According to a 2007 survey completed by the United States government, almost 10% of the American population confirmed that they had been engaged in meditation during the past twelve months.
Given such a high volume of practice, scientists have taken an interest in what happens to the brain during meditative states.
Meditation is thought to improve a person’s ability to concentrate, as well as decrease anxiety or stress. The emotional benefits are said to have a positive effect on a person’s overall health and wellness.
Do the two predominant styles of meditation hold up to scientific scrutiny?
While practices may vary in form, researchers have determined that all meditation falls into one of two categories:
Concentrative meditation: Where a person is focusing on something specific, such as repetitive breathing or a specific image or thought. During this type of meditation, the singular focus allows the person to block out all other thoughts or activities, such as surrounding noises or actions.
Non-directive meditation: During this type of meditation, a person simply relaxes and lets the mind roam free. This state often utilizes soft sounds, such as cascading water, to help the person induce a completely relaxed state.
To uncover the science behind each type of meditative practice, scientists used MRI scans to record the brain activity in 14 test subjects. Each participant engaged in a recorded period of regular resting, a recorded period of non-directive meditation and a recorded period of concentrative meditation.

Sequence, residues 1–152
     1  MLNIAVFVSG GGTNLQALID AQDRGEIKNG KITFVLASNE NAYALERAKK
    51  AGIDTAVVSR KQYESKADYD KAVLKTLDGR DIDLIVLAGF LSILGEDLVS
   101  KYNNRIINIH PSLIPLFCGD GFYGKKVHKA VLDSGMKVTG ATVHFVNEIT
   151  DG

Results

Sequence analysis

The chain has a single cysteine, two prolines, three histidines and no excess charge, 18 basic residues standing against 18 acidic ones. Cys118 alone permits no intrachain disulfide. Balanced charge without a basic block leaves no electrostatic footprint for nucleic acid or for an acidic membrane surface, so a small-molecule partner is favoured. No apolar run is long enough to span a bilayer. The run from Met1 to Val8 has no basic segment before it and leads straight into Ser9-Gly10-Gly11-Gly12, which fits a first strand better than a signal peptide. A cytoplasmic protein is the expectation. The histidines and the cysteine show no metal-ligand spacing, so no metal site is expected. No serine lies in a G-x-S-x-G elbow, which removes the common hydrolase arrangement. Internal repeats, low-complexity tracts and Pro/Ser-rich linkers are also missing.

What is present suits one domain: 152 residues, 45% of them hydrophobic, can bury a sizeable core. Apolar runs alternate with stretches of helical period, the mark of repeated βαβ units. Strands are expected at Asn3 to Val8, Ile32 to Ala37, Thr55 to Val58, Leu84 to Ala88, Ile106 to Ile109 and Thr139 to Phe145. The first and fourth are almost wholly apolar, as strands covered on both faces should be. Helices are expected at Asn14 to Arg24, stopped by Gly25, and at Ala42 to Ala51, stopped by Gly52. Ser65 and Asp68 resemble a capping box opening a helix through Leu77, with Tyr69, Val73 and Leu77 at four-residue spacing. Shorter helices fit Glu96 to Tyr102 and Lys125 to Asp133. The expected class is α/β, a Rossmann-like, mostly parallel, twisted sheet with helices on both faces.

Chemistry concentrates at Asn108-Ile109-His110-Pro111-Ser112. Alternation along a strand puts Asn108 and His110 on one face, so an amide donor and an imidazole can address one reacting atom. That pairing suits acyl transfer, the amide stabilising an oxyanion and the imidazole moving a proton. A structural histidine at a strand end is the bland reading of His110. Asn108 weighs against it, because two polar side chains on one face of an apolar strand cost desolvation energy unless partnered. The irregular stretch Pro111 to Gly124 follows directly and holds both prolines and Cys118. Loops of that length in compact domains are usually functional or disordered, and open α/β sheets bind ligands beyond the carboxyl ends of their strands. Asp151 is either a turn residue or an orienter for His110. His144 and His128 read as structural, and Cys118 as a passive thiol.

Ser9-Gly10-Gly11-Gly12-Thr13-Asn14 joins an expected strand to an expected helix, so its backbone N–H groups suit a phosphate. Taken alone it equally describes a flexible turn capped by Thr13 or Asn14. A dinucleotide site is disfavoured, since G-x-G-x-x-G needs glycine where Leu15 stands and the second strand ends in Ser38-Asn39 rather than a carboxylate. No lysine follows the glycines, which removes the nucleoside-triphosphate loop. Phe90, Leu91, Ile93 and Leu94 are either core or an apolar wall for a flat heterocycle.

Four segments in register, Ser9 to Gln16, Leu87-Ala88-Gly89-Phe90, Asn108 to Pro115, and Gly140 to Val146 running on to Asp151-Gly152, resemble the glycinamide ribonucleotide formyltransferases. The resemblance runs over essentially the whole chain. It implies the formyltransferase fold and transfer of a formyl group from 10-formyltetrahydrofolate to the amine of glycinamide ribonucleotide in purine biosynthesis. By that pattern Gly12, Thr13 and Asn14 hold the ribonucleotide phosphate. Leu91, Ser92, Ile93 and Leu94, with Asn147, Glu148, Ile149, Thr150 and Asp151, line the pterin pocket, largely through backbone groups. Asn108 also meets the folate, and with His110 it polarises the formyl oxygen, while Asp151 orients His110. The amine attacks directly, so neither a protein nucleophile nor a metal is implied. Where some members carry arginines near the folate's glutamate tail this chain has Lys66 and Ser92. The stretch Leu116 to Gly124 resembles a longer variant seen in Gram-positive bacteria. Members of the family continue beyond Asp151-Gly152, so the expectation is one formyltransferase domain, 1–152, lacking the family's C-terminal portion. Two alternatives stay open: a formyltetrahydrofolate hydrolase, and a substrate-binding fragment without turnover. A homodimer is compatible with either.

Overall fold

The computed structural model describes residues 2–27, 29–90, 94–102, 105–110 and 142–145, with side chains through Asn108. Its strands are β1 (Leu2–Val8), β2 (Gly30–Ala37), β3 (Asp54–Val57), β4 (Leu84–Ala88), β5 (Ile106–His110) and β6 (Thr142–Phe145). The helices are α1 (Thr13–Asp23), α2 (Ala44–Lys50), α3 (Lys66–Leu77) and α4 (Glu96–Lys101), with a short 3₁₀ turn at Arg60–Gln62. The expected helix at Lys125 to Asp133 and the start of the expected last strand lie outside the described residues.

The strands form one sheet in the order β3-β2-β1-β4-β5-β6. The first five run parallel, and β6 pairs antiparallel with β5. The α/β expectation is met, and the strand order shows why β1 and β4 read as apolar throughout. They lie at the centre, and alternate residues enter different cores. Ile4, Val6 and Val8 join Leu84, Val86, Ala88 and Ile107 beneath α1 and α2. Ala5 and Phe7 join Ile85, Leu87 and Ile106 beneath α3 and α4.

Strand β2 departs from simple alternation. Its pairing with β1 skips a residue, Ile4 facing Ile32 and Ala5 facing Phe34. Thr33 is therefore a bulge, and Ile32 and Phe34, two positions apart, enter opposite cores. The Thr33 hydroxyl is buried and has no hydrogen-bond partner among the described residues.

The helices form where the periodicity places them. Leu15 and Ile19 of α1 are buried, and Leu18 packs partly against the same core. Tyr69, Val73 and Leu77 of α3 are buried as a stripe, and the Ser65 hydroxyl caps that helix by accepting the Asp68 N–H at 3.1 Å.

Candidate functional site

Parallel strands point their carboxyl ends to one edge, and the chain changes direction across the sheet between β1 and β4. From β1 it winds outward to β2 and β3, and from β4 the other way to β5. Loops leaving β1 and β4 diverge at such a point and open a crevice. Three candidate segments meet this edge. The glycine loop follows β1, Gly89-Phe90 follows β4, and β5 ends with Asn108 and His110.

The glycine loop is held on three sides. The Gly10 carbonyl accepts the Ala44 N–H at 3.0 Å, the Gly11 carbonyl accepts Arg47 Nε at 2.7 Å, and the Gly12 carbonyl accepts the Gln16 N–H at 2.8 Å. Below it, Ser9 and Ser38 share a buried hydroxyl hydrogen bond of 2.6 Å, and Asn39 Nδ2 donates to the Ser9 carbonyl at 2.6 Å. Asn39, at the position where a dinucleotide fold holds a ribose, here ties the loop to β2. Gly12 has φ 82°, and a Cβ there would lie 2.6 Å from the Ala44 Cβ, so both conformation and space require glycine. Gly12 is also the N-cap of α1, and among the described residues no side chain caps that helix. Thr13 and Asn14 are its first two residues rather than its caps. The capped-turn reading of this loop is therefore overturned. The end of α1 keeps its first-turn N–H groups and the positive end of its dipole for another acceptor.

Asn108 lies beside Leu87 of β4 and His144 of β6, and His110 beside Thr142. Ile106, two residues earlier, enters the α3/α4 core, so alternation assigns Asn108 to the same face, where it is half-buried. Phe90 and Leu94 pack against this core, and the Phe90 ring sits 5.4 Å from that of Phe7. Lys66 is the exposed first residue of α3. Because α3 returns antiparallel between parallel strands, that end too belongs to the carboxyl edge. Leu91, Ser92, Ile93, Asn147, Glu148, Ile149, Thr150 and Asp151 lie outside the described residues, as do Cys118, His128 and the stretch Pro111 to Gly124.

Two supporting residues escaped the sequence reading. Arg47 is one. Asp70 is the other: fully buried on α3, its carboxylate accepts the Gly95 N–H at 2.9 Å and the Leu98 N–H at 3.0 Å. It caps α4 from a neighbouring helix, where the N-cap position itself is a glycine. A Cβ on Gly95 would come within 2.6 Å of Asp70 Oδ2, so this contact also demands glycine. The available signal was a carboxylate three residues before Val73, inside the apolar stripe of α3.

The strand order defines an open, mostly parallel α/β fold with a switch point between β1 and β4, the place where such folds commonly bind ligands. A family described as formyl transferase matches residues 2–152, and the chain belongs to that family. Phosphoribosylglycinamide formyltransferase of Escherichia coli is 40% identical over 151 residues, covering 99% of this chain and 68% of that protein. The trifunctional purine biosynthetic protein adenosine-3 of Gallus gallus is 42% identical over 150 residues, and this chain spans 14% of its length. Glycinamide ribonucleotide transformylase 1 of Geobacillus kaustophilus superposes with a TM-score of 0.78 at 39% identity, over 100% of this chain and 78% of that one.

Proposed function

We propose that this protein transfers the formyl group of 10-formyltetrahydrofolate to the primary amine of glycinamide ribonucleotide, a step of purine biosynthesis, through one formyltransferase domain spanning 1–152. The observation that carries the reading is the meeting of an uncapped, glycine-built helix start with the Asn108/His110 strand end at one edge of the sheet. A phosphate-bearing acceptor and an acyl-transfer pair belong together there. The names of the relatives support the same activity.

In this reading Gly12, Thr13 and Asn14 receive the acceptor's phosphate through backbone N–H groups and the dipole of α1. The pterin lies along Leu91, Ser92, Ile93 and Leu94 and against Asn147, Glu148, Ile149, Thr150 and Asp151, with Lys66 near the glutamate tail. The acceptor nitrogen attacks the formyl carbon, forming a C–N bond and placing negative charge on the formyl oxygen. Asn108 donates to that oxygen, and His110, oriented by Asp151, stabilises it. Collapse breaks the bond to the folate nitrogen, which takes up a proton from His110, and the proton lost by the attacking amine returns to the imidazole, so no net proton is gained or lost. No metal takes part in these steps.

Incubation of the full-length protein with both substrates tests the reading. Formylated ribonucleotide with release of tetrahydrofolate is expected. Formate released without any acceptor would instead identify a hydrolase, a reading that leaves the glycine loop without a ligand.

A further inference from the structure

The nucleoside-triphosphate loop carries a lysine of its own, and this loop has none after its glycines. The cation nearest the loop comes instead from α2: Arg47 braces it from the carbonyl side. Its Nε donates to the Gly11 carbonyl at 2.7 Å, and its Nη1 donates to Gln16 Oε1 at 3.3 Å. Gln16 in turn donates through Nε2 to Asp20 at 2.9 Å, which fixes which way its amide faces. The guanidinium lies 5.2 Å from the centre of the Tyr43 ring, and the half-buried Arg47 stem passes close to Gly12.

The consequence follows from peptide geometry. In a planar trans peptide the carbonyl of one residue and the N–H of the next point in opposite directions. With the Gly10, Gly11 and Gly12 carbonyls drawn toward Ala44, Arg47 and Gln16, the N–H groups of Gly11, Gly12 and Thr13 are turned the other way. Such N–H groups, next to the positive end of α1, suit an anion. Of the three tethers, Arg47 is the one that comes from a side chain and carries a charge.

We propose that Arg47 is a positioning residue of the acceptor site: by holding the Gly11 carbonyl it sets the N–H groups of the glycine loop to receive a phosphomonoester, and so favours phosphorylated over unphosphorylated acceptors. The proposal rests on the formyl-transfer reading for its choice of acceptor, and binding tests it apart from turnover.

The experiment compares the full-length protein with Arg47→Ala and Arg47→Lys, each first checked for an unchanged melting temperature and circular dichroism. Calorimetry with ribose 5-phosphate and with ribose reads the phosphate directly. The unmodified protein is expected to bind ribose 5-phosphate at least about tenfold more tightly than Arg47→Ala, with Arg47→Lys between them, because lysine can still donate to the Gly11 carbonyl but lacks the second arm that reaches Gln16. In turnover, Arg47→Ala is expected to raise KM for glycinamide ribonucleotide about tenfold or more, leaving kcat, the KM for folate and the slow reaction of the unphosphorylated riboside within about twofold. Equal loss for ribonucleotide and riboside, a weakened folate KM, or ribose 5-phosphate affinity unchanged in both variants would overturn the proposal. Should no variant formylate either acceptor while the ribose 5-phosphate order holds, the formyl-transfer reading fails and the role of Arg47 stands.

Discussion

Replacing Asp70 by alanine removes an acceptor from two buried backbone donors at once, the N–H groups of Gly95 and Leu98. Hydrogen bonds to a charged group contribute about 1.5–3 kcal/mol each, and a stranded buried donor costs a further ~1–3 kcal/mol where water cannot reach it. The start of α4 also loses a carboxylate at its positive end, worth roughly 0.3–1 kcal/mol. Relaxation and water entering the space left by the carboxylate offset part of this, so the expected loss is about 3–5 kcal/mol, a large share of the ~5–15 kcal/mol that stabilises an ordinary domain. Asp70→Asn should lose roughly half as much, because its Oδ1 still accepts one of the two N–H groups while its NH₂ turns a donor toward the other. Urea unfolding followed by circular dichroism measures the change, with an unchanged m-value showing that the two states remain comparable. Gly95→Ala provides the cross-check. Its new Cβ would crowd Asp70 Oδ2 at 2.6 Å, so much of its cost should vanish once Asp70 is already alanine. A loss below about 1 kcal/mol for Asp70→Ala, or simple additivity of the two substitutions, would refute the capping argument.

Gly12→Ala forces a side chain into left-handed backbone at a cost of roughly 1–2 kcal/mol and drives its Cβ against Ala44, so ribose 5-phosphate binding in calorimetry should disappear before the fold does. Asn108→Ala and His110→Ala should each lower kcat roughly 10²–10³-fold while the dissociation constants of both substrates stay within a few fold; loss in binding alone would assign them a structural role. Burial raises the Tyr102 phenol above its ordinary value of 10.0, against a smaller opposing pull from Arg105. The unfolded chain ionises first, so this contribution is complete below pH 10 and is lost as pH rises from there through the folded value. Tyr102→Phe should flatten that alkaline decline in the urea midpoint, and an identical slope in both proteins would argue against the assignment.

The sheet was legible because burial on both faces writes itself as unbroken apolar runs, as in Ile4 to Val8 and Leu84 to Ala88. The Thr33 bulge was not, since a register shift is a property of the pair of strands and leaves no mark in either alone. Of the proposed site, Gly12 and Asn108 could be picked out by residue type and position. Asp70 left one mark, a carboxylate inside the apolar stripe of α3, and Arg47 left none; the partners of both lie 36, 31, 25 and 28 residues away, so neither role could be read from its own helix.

The results, published in the Frontiers of Human Neuroscience Journal, validated the belief that meditation does in fact reduce stress and improve mood.
The results showed that during concentrative meditation, where a person focuses on a single thought or image, the brain activity was very close to the state of resting. So, concentrative meditation can be considered a form of wakeful rest for your mind.
Findings with Non-Directive Meditation
During non-directive meditation, where the mind is allowed to wander freely, the brain activity was actually higher in areas associated with processing thoughts and emotions than when in a state of rest.
According to principals in the study, these findings suggest that nondirective meditation “allows for more room to process memories and emotions than during concentrated mediation. Researchers also remarked:
This area of the brain has its highest activity when we rest. It represents a kind of basic operating system, a resting network that takes over when external tasks do not require our attention. It is remarkable that a mental task like nondirective meditation results in even higher activity in this network than regular rest.